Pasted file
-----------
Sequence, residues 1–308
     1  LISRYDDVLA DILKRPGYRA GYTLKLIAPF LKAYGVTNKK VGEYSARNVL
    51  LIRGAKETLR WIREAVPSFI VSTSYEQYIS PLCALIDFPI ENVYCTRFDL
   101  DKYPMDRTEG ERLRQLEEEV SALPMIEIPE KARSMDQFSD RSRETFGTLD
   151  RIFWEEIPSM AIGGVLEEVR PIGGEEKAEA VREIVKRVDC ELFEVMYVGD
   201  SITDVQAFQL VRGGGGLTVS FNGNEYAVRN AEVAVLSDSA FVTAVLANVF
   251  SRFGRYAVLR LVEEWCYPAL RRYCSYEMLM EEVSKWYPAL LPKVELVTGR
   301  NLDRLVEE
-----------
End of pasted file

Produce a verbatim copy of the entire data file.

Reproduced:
Sequence, residues 1–308
     1  LISRYDDVLA DILKRPGYRA GYTLKLIAPF LKAYGVTNKK VGEYSARNVL
    51  LIRGAKETLR WIREAVPSFI VSTSYEQYIS PLCALIDFPI ENVYCTRFDL
   101  DKYPMDRTEG ERLRQLEEEV SALPMIEIPE KARSMDQFSD RSRETFGTLD
   151  RIFWEEIPSM AIGGVLEEVR PIGGEEKAEA VREIVKRVDC ELFEVMYVGD
   201  SITDVQAFQL VRGGGGLTVS FNGNEYAVRN AEVAVLSDSA FVTAVLANVF
   251  SRFGRYAVLR LVEEWCYPAL RRYCSYEMLM EEVSKWYPAL LPKVELVTGR
   301  NLDRLVEE